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    Dominicana On Line - El Portal de la República Dominicana

    Colonial Foods

    The first Spaniards that established themselves on the island of Santo Domingo made great efforts to transplant intact their habits and customs to these lands.

    In the first thirty years of the 16th century, the Spaniards that came to the New World by way of Santo Domingo brought with them not only their clothing, books and domestic goods, but also their cooking utensils and recipes.

    The European diet of that period was based on a basic menu composed, for the most part, or bread, wine, meat, cheese and milk, cabbage, beet and other vegetables, olive oil, almonds, chick peas and other grains, and some fish.

    At the beginning of the colonial era, the Spanish population tried to continue consuming these foods, but the tropical conditions and the distance from the supply centers of some of these products obliged them to alter their diet.

    For example, the consumption of bread, crackers and cookies proved to be expensive for the Spaniards and had to be reduced until it finally disappeared from the colonial Dominican diet due to the impossibility of producing wheat on the island or importing flour.

    So cazabe was substituted for bread, named “bread of the Indies” by the conquistadors from very early in their stay on the island.

    The same occurred with olive oil, which, at the beginning of the colonization, constituted one of the largest volumes of the shipments in the Spanish vessels.  Upon the impoverishment of the colony and the less and less frequent arrival of ships to the island, this foodstuff was replaced by pork lard.

    Wine also disappeared from the daily diet and, after awhile, its place was occupied by sugar cane aguardiente that began to be produced in the early years of the sugar cane industry.

    Sugar, an almost unknown product in Europe at the time that Columbus arrived in America, quickly occupied the place of honey as a sweetener.  Sugar gained such popularity that it became the main ingredient in the caloric diet of the colonial world.

    The colonial Dominican society began to experiment early on, cooking of their dishes with tropical fruits unknown in Europe.  From those experiments, coupled with sugar, emerged true culinary innovations.

    Examples of these innovations are sweets of coconut, pineapple and peanut, and stewed yellow plantains emerging from the very heart of the sugar plantations.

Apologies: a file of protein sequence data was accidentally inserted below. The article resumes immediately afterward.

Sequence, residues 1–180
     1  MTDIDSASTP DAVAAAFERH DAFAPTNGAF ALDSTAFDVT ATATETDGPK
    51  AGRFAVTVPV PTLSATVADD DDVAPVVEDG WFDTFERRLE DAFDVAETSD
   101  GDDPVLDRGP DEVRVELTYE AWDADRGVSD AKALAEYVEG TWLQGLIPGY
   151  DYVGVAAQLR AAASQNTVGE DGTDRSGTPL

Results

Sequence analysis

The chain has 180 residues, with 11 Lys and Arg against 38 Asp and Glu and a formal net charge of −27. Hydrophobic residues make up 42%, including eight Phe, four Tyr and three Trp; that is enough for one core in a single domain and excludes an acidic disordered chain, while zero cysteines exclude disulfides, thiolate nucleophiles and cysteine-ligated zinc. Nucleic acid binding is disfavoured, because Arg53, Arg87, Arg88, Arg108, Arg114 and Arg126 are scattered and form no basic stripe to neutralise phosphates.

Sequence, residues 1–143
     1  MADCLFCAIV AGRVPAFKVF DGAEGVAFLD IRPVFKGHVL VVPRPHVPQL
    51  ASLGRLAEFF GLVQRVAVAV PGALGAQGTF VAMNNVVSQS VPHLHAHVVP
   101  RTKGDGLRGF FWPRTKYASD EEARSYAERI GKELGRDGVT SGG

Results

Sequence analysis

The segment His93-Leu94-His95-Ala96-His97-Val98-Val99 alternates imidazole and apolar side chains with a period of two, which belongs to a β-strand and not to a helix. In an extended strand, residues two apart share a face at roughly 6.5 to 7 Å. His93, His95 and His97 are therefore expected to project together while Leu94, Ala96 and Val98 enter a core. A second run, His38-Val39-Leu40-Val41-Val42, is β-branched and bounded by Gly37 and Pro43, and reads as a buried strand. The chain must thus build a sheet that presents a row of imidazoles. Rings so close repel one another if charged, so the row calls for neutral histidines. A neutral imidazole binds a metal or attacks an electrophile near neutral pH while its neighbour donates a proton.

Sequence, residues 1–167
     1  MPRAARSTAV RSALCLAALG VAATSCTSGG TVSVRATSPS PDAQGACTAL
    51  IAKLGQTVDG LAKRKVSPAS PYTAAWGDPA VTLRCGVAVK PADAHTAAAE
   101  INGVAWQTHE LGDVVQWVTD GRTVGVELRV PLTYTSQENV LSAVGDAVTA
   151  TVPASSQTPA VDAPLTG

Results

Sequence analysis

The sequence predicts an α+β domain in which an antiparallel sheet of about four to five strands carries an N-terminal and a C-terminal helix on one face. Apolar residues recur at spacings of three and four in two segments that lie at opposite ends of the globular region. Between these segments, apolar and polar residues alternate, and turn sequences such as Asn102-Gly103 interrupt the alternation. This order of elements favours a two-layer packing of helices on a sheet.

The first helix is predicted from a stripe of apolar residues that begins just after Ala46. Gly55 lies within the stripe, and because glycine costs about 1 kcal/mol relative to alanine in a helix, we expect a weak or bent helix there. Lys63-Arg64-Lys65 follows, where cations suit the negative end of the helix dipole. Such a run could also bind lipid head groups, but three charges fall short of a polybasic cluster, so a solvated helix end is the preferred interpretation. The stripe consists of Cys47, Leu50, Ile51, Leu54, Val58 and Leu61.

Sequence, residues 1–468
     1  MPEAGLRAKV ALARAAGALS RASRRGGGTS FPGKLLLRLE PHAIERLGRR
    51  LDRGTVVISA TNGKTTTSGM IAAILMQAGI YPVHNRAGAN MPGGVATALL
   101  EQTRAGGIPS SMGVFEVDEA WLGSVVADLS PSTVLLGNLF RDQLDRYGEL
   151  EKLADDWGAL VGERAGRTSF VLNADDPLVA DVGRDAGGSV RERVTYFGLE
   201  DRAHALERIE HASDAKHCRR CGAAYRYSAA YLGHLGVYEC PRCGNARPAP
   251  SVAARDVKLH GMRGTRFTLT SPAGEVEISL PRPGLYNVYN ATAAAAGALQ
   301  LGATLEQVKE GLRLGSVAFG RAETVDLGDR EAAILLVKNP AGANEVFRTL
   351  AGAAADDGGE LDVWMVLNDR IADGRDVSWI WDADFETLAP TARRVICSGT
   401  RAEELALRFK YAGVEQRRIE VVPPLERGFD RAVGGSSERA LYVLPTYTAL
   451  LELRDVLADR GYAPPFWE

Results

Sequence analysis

The pineapple and peanut are native plants cultivated by the Tainos.  The coconut was brought from the Pacific Ocean several decades after the discovery, while the plantain, of African origin, was imported to Santo Domingo from the Canary Islands in 1543 by a friar named Tomás de Berlanga, to supplement the diet of African slaves.

    In colonial documents of the 16th century, some Taino elements in the diet of the slaves are described, for example, a sandwich made of cazabe and peanuts, two indigenous products.

    With the arrival of the plantain, the colonial diet acquired new dimensions, as this fruit did not arrive alone.  In the same years, other foods arrived from Africa such as ñame and yautia, and some gastronomical curiosities like the monicongo and the funde.

    The abundance of cattle in the colonial period made beef a daily foodstuff within reach to everyone: owners and slaves, Spaniards and Africans.

    With time, the inhabitants of the island were able to develop a typical soup composed of several types of meat, plantains, yucca, ñame, yautia and corn, seasoned with chilies and local herbs.

    This plate has a name: sancocho.  A Jesuit priest that visited Santo Domingo in 1650 records it in a picturesque description.

    In the middle of the 17th century, the colonial Dominican society had learned to consume other products unbeknownst to Europeans before the Discovery.  One of them was chocolate, a derivative of a plant cultivated by the Aztecs in Mexico.

    The popularity of chocolate became so wide-spread that in 1650, there were numerous families cultivating it in the basins of several rivers in the south of the island.

    A century later, chocolate became an essential element in the Dominican diet.  Coffee still had not been incorporated into Dominican cuisine, as the plant was brought to the Caribbean and planted for the first time in Martinique in 1723.

    By Frank Moya Pons, of the Revista Rumbo

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